See how on the right hand side (at two o'clock on the diameter) it broke and the cooked egg white part of the raft bubbled up back onto the top of it? Grrrrr.....
After the hour-long simmer, I lined a strainer with some cheesecloth and began gently ladling the stock through it -- careful not to further break the raft, or get any big chunks of it in the ladle. I placed the strainer over a large saucepan, and ended up being able to strain a good amount of it (I had to tilt the pot on the stovetop to be able to get as much out of it as I could.
At this point, I had close to 2 quarts of consommé left. There was a little bit of fat floating on the top, so I did as The French Laundry Cookbook suggested and laid a paper towel on the surface, gently gliding it off to bring the fat with it. After three paper towels, I'd gotten it all.
I lined another strainer with fresh cheesecloth and placed it over another large saucepan, then slowly and gently poured the liquid through it to further clean it. I put the saucepan of consommé on the stovetop over medium heat and brought it to a simmer. I let it simmer for about 40 minutes, when it had reduced by half.
While reducing the liquid, I soaked some gelatin sheets in cold water:
I poured the reduced consommé into a bowl set inside a bowl of ice. I squeezed out the water from the gelatin sheets and stirred them into the hot consommé until they had fully dissolved. I let the consommé cool in the bowl set inside the bowl of ice, stirring every now and then, for about an hour. I covered the bowl with foil and put it in the fridge to set overnight so I could finish the dish the next afternoon.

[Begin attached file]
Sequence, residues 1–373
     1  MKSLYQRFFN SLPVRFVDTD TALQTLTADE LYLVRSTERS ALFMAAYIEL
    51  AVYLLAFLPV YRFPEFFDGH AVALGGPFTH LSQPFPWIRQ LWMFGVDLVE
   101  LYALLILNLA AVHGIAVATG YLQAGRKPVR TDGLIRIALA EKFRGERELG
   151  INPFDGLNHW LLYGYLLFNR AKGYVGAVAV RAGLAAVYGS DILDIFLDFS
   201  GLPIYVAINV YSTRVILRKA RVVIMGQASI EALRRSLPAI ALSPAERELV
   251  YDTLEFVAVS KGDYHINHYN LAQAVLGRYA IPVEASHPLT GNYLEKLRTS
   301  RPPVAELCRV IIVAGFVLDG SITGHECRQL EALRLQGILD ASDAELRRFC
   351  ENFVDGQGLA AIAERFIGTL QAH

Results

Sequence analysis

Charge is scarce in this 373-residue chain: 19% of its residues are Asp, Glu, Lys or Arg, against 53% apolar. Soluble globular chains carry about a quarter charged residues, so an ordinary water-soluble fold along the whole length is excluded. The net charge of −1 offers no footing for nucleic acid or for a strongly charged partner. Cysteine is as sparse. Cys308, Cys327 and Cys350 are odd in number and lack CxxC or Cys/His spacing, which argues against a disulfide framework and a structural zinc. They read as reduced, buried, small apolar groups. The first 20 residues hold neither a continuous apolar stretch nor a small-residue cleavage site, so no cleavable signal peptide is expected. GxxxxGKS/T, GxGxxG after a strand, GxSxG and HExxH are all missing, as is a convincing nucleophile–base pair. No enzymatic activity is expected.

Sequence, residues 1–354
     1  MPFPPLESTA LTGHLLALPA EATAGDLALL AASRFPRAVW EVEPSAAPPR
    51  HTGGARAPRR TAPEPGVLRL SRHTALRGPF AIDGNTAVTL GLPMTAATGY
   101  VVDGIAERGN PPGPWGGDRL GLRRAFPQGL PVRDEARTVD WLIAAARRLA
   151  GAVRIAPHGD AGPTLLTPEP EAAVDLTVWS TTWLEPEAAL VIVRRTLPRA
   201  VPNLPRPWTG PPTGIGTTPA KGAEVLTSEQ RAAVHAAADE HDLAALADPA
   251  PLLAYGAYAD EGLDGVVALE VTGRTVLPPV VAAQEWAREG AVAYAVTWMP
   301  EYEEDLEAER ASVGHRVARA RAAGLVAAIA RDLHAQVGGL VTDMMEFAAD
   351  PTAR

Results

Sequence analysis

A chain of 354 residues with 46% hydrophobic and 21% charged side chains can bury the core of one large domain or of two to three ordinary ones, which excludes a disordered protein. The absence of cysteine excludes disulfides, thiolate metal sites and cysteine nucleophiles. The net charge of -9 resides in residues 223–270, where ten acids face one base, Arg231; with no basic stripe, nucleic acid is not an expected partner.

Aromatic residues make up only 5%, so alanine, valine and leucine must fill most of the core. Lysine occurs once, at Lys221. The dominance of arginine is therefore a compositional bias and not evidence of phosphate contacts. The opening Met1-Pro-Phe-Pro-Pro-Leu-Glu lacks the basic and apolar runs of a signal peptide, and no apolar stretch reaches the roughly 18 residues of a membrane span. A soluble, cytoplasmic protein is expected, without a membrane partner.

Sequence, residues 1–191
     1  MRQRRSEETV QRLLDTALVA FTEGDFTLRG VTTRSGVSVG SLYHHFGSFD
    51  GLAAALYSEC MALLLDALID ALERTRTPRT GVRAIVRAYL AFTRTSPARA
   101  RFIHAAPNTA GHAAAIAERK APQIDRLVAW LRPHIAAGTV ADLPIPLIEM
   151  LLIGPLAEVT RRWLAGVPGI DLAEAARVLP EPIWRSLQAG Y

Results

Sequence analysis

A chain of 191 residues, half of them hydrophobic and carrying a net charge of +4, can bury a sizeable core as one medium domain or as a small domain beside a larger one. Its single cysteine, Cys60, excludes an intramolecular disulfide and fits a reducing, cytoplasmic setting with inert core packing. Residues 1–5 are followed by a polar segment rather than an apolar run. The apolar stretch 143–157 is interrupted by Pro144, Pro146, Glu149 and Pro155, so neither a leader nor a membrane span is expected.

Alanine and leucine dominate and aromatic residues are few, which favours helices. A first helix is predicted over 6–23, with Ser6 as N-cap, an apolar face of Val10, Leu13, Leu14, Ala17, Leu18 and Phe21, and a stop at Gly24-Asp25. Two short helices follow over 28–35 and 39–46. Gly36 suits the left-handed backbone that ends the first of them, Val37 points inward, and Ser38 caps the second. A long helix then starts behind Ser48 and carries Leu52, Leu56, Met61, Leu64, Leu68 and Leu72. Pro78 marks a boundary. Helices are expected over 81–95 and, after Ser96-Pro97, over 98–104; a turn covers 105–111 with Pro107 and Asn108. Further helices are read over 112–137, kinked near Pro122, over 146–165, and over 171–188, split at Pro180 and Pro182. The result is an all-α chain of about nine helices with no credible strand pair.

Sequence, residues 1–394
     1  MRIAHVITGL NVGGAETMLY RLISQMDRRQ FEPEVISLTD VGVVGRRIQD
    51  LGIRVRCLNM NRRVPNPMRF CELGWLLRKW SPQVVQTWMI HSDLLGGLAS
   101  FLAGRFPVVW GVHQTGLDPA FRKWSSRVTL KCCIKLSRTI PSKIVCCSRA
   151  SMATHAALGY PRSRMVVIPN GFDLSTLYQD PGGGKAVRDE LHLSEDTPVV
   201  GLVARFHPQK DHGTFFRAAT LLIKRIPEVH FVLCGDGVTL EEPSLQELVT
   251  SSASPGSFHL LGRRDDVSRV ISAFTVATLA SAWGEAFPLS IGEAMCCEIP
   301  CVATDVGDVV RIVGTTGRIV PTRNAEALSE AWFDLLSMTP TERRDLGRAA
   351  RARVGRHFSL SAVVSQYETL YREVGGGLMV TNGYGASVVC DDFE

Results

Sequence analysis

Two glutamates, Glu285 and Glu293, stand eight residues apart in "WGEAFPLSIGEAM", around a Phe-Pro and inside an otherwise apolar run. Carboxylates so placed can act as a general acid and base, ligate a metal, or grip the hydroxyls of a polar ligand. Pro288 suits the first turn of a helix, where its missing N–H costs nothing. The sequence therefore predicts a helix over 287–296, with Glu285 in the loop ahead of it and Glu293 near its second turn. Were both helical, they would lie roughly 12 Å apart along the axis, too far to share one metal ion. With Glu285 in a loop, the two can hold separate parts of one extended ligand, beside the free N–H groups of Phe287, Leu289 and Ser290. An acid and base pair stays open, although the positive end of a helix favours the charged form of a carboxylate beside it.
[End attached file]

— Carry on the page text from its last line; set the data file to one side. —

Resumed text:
We're now on Day Three of the Lobster Consommé en Gelée. Two semi-screwups: forgot to quarter the lobster bodies, and my raft broke. I fully expected to wake up, rub the sleep from my eyes, plod downstairs to make coffee and while the grinder was having its way with my coffee beans I'd check the lobster consommé and find it hadn't set. Then, I would cry, because there was no way I could start all over again. I'd end up just writing a post that said: Lobster Consommé en Gelée = STUPID and contribute a photo of it to FailBlog.
But, as you will see, the planets aligned and when I removed the consommé from the refrigerator, it was set and was full-on jelly. Lobster jelly. Just think about those two words together for a few minutes. Lobster jelly. Then, think of other kinds of jellies that you like and how you like to eat them. Then, think of lobster jelly in that way and try not to get squicked out.
The final steps before plating were really easy. I grated the rest of the lobster coral so that they would appear as tiny, individual eggs. Then, I whipped some crème fraîche by hand with my trusty whisk, and I defrosted some of the brunoise I had in the freezer and brought it to room temperature.
To plate, I put some of the lobster consommé which was now "en gelée" (pronounced zhel-AY) in a little custard dish, then topped it with the crème fraîche, the lobster coral and some brunoise. If you have The French Laundry Cookbook nearby, please turn to page 33, where you will see what this was supposed to look like.
The rest of you can suffer by seeing what my version ended up looking like:
Hmmmmm. I'm hearing crickets out there as you try to come up with something semi-positive to say. It's no use. Really. I'm fine. I'm at peace with the fact that not only is this pretty unattractive, it was also perhaps the most expensive dish I've made probably ever in my whole life in terms of ingredient costs, AND one of the most disgusting things I have ever spooned into my mouth.
The gelée was not perfectly clear (it was close, though), but the lobster taste was so concentrated it was almost overwhelming, and not in a good way. Texturally, I had huge issues with it, which should come as no surprise. Textures are always my Achilles' Heel. I don't normally have problems with gelled things, but savory jellies and I will not be found sittin' in a tree, K-I-S-S-I... you know the rest of the song.
It absolutely kills me to type these words, but this dish was awful. I've been wracking my brains to come up with some redeeming quality about it, and the only thing I can say is that I probably would've enjoyed the lobster consommé not en gelée and still hot, like soup, before it was reduced during the final stage before becoming gelatinized. The way it smelled when it was warm and cooking was an absolute pleasure, and I think I would have been fine with a hot lobster consommé. No, I KNOW I would have been fine with that. Because I tasted it, and it was good. Cold and jellied? Not so much. Not at all, actually.